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Data Lakes and Customer Data Platforms, Which is the Best for Your Business?

June 20, 2019 | by Steve Ellis

Not long ago, enterprises depended on the actions of their clients to provide them with data that described their experience. However, the technological world is constantly changing, and customer experience data is now pulled from a multitude of locations, such as sensor data, social media, and the internet of things. While this overabundance of data is beneficial, it also creates a daunting task—managing this flood of data.

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Enterprises must look to innovative infrastructure to help organize and interpret these new forms of data, especially as consumers demand an efficient experience that is free of frustration. Walker states that by 2020, the majority of business differentiation and brand competitiveness will stem from customer experience, surpassing the importance of the quality and the price of a product.

 

For your business to adequately distinguish itself from your competition, you must perfect your behind-the-scenes operations to ensure a quick and seamless experience for your customers. Coherence between daily business functions and data channels is a necessity to ensure this perfect consumer experience. When a unified customer experience is accomplished, your business can expect increased customer loyalty, a superb reputation, and an increase in revenue. Therefore, it’s imperative that your enterprise unifies not only your business operations but also your data. Two tools that can help foster this consolidation are Data Lakes and Customer Data Platforms, also known as CDPs.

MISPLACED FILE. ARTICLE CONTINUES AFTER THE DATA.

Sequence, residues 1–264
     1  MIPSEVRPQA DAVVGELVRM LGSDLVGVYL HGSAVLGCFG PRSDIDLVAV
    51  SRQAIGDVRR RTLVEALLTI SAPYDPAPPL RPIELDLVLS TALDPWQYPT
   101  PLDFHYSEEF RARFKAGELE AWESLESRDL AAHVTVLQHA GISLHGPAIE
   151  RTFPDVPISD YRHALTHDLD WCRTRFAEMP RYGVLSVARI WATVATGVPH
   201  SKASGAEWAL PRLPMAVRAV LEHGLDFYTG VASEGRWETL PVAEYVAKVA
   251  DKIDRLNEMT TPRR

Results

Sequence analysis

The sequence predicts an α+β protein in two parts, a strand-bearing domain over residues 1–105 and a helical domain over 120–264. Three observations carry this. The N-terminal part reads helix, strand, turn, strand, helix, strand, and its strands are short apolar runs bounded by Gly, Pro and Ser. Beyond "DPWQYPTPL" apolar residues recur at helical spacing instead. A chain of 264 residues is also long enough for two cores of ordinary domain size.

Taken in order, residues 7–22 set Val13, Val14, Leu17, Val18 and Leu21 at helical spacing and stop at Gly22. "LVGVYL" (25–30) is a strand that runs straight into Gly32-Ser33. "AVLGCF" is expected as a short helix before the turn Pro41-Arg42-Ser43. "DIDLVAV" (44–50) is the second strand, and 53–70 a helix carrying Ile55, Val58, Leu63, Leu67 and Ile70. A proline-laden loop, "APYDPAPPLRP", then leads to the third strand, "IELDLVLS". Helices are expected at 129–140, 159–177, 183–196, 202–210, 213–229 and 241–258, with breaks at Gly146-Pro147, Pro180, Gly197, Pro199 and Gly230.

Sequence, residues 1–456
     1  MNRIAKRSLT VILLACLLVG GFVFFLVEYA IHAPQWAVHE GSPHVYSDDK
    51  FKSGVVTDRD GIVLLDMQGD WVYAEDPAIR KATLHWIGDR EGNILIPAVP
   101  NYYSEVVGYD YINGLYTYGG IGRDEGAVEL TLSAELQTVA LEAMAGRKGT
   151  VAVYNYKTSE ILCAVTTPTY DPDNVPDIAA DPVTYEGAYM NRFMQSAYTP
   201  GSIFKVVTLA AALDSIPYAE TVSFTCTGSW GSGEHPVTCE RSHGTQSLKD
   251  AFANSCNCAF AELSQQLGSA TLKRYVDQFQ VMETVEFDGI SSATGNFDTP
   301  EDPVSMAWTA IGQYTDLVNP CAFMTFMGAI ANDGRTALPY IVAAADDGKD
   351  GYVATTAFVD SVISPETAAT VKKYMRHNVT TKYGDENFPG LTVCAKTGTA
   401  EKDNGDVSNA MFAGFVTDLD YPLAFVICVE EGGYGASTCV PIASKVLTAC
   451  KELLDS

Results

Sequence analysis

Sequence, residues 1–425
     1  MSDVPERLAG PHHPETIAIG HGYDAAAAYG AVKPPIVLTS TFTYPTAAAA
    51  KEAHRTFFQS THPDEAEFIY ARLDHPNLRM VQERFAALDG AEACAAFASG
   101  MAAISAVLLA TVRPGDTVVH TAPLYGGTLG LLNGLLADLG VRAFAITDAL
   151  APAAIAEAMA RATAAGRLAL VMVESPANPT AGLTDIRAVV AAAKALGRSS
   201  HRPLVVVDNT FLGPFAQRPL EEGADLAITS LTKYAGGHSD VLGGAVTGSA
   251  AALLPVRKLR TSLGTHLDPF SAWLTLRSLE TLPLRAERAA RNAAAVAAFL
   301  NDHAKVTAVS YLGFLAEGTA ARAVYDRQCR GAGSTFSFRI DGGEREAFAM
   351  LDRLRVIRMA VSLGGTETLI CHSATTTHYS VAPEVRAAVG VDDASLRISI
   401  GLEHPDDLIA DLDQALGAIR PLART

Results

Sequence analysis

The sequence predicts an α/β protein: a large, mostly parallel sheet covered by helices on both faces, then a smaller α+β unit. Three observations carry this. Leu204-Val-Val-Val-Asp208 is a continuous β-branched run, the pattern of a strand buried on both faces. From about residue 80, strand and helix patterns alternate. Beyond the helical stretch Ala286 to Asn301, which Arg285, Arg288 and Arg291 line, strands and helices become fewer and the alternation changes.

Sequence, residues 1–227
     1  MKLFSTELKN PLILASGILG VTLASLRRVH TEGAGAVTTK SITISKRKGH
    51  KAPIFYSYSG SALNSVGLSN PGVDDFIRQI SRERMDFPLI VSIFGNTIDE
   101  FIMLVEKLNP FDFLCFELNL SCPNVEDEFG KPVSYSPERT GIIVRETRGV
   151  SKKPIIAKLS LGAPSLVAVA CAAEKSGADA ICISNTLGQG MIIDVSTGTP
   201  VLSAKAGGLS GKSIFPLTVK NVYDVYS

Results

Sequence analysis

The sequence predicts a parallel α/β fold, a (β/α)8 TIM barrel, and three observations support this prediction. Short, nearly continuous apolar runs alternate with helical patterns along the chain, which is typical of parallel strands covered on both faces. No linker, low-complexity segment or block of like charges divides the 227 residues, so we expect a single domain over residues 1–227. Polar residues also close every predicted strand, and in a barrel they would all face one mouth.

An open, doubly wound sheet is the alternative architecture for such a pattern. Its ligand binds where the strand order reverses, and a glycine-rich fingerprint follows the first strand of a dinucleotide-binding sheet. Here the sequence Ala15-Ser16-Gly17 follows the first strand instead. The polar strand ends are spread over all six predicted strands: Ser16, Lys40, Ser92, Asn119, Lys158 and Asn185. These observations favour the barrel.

Both Data Lakes and CDPs are IT implemented infrastructures responsible for storing consumer data. Data Lakes store raw, unprocessed data, whereas CDPs perform additional processing to make the data usable. Compare a fridge filled with food and a completed recipe. Both contain the necessary components for a meal, but the finished product is more accessible to those at the dinner table. A Data Lake is like a fridge filled with raw ingredients, and a CDP is the completed meal, ready to be consumed.

 

The Details of Data Lakes  

 

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Being that Data Lakes contain raw, unaltered data, they have the potential to hold abundant amounts of powerful information. The recent surge in Artificial Intelligence and Machine Learning has driven the industry to desire pure data that is intended to support analysis. For enterprises that receive data from locations such as social media, marketing channels, sensors, or devices, a Data Lake can help store data that is yet to be defined. It is not uncommon for Lake data to be initially entered without an identified purpose, and manipulated further down the line.

 

However, the information within Data Lakes exists in a technical vernacular that only trained professionals, such as IT-specialists, are able to understand. To convert this pure data into an approachable format that revenue and marketing teams can gain insight from, conversion processes are necessary. Thus, the IT department must produce requested data reports, which is both inefficient and labor intensive. According to a Forbes survey, 47% of marketing leaders claim that it takes over a week to analyze a campaign. This delay is likely due to the slow conversion process from data to report. The most convenient solution for IT and marketing teams to become more efficient is to implement a Customer Data Platform.